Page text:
Three other words in the Beowulf-text expand on this cosmos with a dwelling surrounded by land and bordering on the sea.
One is -hlið, which is usually translated as (steep)slope. The word is also found in Old Norse (Old Icelandic: hlið, Danish and Norwegian: li(d). Further, the suffix may be found in a series of placenames all over Scandinavia and Anglo-Saxon England and denotes a hill or mountainside ending abruptly in a hollow or dead ground at the foot. In the poem, Grendel emerges from a misthleuðum, a damp and spooky hollow of mist. After he is fatally wounded, the monster returns to his fenleoðu, the hole in the marshes, fens. Another topographic word, -hop, also feeds our imagination with its connotation of a place outside the well-ordered world. In Beowulf, we meet the suffix as in fen-hop, an enclosure in the fens or marshes, also known in Kent and Essex. The etymology is probably “hof”, an enclosed “farm”, or “dwelling”; a fen-hop likely refers to a dwelling on higher ground in the marshes. Possibly, it means the same as a wharf, the artificial mounds erected in the marshes by Frisians. Indeed, “remote and secret” outliers in the landscape. Finally, a third topographic word, gelad, also touches upon this watery, marshy landscape. In old English, the word refers to a course, a way, a lode, a watercourse or simply a water crossing. We may imagine that the fen-gelad and the uncuð gelad in Beowulf mean difficult water crossings in the marshy fens.
To sum up: the world of Beowulf seems to consist of a sea, a marshy and misty foreland filled with monsters and challenging to traverse, and – finally – ending in a hollow beneath a steep cliff. On top of this overhang, a paved road leads inland (through the land) to Heorot, the shining hall of Hrodgar.
The layout of this land reminds us of the cosmology of the Norse people, as do other settlements.
Gudme – Cosmology in the Landscape
In Scandinavia, several places are called Gudme, Gudum, Gudsbjerg, Gudhjem (Gudhem), or Gudumlund. Meaning “the home, the mountain or the forest of God”, such places are known from both Denmark, Norway and Sweden.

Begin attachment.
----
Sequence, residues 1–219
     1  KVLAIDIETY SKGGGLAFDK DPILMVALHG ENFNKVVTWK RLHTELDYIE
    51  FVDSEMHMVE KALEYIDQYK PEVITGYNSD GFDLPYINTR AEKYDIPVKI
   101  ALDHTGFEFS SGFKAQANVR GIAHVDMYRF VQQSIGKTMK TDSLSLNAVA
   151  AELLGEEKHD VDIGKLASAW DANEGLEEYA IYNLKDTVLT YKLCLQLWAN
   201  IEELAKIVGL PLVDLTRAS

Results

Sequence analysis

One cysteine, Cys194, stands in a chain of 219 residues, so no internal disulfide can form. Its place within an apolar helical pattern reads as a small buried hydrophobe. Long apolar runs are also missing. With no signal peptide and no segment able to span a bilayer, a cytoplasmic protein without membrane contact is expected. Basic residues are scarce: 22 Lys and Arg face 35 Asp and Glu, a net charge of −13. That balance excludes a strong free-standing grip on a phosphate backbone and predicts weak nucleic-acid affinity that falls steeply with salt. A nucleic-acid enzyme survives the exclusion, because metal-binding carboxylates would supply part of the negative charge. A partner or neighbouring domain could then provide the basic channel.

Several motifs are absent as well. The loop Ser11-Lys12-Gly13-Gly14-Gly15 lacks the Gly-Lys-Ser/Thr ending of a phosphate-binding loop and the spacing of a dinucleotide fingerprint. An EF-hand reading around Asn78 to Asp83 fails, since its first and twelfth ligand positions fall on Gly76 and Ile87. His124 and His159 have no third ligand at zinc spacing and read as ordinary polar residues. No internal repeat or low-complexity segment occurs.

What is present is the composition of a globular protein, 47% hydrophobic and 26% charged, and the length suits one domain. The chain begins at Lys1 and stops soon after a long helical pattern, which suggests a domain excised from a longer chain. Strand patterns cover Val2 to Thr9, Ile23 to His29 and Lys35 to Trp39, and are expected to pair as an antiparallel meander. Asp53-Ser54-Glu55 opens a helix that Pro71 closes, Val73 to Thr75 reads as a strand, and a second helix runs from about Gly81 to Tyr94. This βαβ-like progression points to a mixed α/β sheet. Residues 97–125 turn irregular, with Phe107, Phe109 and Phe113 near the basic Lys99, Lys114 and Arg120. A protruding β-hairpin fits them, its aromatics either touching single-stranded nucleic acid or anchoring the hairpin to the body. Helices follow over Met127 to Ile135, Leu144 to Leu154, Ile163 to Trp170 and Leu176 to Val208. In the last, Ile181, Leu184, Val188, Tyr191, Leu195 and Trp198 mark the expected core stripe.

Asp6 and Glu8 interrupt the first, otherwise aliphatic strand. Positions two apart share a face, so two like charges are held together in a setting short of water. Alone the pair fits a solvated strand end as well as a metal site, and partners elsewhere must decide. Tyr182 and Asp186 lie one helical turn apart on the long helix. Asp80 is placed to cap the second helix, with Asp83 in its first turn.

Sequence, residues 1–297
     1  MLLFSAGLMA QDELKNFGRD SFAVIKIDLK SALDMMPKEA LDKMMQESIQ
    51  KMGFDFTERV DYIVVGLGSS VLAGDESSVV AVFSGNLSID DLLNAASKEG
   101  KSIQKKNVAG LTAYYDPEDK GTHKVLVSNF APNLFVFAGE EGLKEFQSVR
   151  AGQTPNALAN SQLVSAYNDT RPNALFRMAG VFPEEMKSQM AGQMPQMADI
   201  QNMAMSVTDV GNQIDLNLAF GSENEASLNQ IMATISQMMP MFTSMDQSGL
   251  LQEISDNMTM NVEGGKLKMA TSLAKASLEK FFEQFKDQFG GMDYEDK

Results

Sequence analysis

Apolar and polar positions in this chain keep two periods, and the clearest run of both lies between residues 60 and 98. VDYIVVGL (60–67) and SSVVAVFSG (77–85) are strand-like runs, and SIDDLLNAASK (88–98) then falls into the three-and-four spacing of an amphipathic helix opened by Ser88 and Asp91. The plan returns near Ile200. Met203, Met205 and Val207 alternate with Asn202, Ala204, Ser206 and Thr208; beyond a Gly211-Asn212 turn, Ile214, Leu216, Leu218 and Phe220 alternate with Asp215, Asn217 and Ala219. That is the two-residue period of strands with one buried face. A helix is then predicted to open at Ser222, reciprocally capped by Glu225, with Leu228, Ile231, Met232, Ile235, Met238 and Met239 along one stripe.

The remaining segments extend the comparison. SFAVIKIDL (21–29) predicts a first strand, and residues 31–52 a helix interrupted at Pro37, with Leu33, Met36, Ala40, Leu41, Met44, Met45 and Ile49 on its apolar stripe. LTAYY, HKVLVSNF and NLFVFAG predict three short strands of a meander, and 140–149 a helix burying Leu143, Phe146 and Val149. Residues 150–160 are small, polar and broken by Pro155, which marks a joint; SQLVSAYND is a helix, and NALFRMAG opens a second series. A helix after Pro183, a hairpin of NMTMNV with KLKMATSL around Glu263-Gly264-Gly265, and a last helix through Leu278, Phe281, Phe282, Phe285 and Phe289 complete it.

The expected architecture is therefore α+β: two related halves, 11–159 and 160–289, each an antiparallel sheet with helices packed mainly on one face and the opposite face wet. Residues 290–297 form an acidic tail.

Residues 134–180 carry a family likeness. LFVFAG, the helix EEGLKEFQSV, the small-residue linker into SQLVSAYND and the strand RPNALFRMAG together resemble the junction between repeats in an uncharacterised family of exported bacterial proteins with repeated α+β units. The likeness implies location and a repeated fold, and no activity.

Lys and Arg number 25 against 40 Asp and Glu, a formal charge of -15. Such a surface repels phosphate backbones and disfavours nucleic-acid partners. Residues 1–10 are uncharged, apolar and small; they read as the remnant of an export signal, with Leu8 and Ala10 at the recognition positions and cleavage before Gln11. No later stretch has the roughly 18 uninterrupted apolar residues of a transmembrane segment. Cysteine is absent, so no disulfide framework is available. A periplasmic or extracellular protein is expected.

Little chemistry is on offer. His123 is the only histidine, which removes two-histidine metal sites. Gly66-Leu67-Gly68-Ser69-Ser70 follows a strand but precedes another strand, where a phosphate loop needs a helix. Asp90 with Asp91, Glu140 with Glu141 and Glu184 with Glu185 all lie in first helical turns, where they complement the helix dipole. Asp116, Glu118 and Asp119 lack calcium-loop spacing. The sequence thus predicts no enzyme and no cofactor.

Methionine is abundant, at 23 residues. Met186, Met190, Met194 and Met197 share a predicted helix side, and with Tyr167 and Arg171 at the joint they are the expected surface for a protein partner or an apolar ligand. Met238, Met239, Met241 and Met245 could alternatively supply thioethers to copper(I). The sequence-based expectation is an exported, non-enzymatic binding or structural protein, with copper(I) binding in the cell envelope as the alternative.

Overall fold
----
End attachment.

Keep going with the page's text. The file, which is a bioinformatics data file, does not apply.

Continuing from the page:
In Funen in Denmark, in the Lundenborg area, a central place from the Late Roman Iron Age was excavated 9n the 1980s and 90s, documenting how people perhaps planned the location to be a visual rendition of the Germanic cosmology. At the centre of a large settlement estimated to consist of 40-50 farms lay a great hall, unique for its times as to its size and construction. In and outside the hall, more than ten hoards have been excavated consisting of Roman gold and silver coins, golden neck- and armrings, and the finished product, bracteates and other golden jewellery revealing Gudme’s character as a ceremonial and ritualised centre recasting and repurposing imported golden objects to prestige gifts visualising the cosmology and beliefs of the people living at or travelling to Gudme. Part of this cosmology is marked out by the three hills located to the north, south and west of Gudme, Gudbjerg, Albjerg and Galbjerg, meaning, respectively, the hill of the gods, the hill of the shrine and (likely)the hill of sacrifice (of galtr = boars) or enchantments (galdr). To the west was Gudme lake, fed from local springs. From northeast to southwest Gudme and its main burial ground was skirted by the river Tange, and to the east lay Lundeborg with its sheltered landing place, the gate to the Home of the Gods.